Colorado State University’s Division of Information Technology recently launched a new initiative spotlighting the high-performance computing resources available to researchers.
Research Computing and Cyberinfrastructure and its accompanying website aim to forge partnerships across campus to promote and build a culture of an engaged and knowledgeable cyberinfrastructure community.
Stephen Oglesby, cyberinfrastructure facilitator in the Division of IT, said that Research Computing and Cyberinfrastructure aims to work alongside the research community and college IT groups to develop shared practices and resources to further CSU’s mission.
Oglesby explained that Research Computing and Cyberinfrastructure was previously known informally as “Summit support” for the Summit High Performance Computer System — a joint activity of CSU and the University of Colorado Boulder. A name change was necessary to redefine the services being offered to researchers, he said.
“There are quite a few services that exist across CSU that pertain to research, and either you know about it, or you don’t,” Oglesby said. “We are redefining research IT at CSU beyond being Summit support.”
The new website plays a key role in highlighting the high-performance computing resources available to researchers, which involve computing, moving and storing data. The website also features links to trainings such as the popular Coding and Cookies seminar through CSU Libraries, which teaches the basics of the R statistical computing program.
High-performance computing at CSU
Oglesby explained that high-performance computing is used across research disciplines at CSU from weather modeling to finding a molecule for the perfect motor oil or even analyzing interstate traffic detours.
“When you’re looking to build these really detailed complex models, you need high-performance computing,” Oglesby said. “You need a lot of processing power, and you need a lot of memory.”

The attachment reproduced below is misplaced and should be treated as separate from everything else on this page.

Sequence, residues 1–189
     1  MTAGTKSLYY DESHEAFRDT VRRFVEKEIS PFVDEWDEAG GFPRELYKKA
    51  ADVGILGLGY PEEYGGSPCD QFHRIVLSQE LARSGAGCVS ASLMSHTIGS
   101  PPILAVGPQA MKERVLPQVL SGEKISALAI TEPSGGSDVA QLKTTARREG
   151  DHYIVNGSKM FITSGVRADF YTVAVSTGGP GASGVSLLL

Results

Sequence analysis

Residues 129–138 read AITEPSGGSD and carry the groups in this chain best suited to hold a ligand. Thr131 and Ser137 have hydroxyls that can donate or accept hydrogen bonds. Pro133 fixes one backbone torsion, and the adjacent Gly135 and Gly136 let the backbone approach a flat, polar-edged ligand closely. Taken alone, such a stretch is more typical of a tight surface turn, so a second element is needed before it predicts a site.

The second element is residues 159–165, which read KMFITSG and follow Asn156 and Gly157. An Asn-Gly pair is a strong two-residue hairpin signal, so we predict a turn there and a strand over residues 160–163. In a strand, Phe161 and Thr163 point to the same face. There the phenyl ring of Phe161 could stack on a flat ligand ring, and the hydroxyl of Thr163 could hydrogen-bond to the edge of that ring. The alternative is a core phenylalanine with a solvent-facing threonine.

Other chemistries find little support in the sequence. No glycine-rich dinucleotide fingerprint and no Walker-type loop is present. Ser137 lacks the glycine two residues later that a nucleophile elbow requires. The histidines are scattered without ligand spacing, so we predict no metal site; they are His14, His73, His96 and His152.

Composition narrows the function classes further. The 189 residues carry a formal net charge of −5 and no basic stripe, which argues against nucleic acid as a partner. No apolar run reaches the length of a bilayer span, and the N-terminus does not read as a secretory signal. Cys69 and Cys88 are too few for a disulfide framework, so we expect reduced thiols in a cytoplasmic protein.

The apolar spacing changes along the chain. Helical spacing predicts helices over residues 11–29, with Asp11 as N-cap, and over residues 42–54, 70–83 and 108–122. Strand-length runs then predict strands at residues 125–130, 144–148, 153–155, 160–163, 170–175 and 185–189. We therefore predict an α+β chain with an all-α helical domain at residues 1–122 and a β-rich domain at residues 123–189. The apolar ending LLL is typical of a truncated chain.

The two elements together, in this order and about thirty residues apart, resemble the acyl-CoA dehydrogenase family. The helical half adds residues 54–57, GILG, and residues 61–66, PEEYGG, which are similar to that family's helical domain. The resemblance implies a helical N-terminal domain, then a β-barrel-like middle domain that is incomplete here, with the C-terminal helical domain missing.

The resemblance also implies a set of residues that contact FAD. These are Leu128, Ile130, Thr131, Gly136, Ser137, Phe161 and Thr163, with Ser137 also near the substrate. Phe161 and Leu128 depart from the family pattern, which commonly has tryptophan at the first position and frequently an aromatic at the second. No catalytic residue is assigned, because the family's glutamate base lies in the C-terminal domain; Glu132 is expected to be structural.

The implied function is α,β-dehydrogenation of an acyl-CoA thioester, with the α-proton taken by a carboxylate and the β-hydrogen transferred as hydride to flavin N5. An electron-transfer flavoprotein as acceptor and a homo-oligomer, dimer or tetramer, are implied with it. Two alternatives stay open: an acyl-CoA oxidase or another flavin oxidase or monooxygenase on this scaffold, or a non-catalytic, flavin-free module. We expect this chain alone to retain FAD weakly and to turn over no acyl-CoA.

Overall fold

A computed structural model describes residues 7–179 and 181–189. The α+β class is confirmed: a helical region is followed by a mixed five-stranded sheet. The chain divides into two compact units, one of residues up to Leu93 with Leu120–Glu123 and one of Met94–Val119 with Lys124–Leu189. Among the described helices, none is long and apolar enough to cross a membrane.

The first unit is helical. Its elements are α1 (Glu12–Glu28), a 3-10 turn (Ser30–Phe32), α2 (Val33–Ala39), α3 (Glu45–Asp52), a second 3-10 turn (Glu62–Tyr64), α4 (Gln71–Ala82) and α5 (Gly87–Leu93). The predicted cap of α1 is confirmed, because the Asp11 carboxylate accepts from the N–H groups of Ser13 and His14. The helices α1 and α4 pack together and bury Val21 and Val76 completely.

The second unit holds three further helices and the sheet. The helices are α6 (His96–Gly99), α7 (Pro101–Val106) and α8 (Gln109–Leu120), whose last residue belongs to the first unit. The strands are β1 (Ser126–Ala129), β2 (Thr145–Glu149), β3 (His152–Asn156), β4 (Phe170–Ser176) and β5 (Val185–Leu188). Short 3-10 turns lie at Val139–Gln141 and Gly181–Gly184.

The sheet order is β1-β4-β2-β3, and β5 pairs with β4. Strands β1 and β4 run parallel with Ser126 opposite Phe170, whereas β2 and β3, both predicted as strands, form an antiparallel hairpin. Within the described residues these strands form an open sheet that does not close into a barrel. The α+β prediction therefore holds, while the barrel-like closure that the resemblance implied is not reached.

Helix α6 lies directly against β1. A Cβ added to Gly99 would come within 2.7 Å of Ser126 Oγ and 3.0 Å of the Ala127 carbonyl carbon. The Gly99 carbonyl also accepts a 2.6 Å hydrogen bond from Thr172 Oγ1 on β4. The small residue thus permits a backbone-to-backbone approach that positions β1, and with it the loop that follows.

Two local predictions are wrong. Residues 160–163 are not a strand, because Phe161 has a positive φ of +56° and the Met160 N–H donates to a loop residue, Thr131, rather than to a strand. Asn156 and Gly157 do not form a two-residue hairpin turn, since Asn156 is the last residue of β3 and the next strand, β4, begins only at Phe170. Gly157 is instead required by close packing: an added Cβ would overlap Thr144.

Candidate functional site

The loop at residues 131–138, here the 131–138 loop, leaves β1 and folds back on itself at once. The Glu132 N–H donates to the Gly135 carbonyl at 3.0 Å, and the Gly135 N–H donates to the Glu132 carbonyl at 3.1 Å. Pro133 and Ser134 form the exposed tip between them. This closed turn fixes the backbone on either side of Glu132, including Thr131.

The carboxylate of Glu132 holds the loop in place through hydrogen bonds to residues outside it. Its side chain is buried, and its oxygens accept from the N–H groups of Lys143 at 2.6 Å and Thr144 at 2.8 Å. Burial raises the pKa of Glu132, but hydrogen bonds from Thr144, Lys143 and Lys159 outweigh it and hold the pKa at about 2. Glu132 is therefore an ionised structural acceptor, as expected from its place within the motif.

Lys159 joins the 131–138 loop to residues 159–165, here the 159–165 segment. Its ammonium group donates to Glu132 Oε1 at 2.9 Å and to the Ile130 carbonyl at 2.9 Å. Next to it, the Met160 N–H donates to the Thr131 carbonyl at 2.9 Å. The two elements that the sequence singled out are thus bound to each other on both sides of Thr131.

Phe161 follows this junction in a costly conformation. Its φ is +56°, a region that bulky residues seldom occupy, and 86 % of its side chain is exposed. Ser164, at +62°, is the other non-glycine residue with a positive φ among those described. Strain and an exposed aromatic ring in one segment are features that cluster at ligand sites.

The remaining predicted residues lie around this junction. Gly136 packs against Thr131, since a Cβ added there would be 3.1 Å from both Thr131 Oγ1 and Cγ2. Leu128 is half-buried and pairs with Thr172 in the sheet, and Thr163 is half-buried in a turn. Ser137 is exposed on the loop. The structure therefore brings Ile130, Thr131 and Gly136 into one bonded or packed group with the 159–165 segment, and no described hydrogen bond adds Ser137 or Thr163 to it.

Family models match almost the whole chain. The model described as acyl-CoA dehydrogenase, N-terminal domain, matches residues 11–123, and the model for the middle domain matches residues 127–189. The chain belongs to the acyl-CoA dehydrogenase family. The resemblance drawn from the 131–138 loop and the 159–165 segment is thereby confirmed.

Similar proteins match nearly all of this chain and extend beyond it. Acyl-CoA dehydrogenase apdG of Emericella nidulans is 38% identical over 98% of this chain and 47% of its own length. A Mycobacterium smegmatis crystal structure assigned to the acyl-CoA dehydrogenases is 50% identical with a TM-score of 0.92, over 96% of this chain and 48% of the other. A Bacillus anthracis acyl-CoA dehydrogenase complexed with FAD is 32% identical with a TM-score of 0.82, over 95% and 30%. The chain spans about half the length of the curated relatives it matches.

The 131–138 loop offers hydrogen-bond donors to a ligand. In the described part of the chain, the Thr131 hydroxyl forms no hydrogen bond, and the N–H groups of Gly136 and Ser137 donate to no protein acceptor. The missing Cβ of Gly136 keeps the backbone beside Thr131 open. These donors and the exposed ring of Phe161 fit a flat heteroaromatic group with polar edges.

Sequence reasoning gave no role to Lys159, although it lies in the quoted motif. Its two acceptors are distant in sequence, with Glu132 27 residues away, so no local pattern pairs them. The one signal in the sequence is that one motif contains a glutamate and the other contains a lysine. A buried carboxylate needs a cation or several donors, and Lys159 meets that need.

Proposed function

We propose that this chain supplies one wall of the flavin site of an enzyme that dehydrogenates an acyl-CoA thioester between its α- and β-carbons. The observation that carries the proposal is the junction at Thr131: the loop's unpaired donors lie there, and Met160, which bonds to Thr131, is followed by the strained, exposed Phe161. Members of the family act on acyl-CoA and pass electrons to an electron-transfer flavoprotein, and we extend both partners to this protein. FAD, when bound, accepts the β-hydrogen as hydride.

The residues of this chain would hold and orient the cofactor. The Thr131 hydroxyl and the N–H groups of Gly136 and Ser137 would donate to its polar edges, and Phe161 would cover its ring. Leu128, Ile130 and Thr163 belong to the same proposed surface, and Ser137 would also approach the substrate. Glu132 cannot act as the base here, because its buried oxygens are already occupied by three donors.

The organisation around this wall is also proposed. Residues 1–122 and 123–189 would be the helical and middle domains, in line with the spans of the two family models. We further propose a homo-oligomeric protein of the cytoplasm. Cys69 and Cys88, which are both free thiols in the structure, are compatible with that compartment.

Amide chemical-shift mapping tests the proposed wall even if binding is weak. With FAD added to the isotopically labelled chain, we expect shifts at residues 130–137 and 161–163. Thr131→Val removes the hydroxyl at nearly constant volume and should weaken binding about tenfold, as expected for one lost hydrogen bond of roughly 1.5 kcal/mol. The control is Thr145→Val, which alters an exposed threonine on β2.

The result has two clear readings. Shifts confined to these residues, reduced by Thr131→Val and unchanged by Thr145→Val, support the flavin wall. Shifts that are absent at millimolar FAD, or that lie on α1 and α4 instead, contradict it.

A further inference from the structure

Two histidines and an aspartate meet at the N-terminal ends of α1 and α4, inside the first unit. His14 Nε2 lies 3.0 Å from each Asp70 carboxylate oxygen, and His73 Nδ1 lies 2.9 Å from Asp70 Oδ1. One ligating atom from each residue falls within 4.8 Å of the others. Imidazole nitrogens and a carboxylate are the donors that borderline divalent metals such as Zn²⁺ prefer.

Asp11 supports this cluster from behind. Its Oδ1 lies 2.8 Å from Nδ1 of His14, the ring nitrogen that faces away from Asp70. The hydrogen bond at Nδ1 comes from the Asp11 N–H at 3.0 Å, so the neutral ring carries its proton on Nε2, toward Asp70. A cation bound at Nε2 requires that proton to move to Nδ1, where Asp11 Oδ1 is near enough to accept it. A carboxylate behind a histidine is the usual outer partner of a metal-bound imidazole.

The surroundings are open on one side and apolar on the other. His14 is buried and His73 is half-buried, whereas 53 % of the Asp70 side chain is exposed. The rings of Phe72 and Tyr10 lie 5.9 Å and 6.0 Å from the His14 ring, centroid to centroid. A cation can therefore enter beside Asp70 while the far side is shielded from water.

At its heart are the computing nodes: 485 nodes totaling over 11,280 cores of processing power. Oglesby likened it the computing power of more than 1,500 laptops.
The Research Computing And Cyberinfrastructure team (left to right): Cyberinfrastructure Facilitator Stephen Oglesby and Research Computing and Cyberinfrastructure (RC2) Advanced Technical Consultants Shweta Haran and Ninad Hogade.
Another key element of Research Computing and Cyberinfrastructure is the “REDEFINE” process in which CSU IT is currently soliciting feedback to better provide services to the research community.
Launched this year, REDEFINE was developed in response to the 2020 CSU Research IT Report, which provided information regarding the needs of researchers and their support staff at CSU. The report found that a transparent, feedback-driven process was needed for the formation of a diverse and inclusive Research Computing and Cyberinfrastructure program.
REDEFINE will help the next iteration of research computing and cyberinfrastructure services at CSU.
“The naming of what is currently ‘Research IT’ and was previously often called ‘Summit User support’ is an important step towards the establishment of this program,” Oglesby said.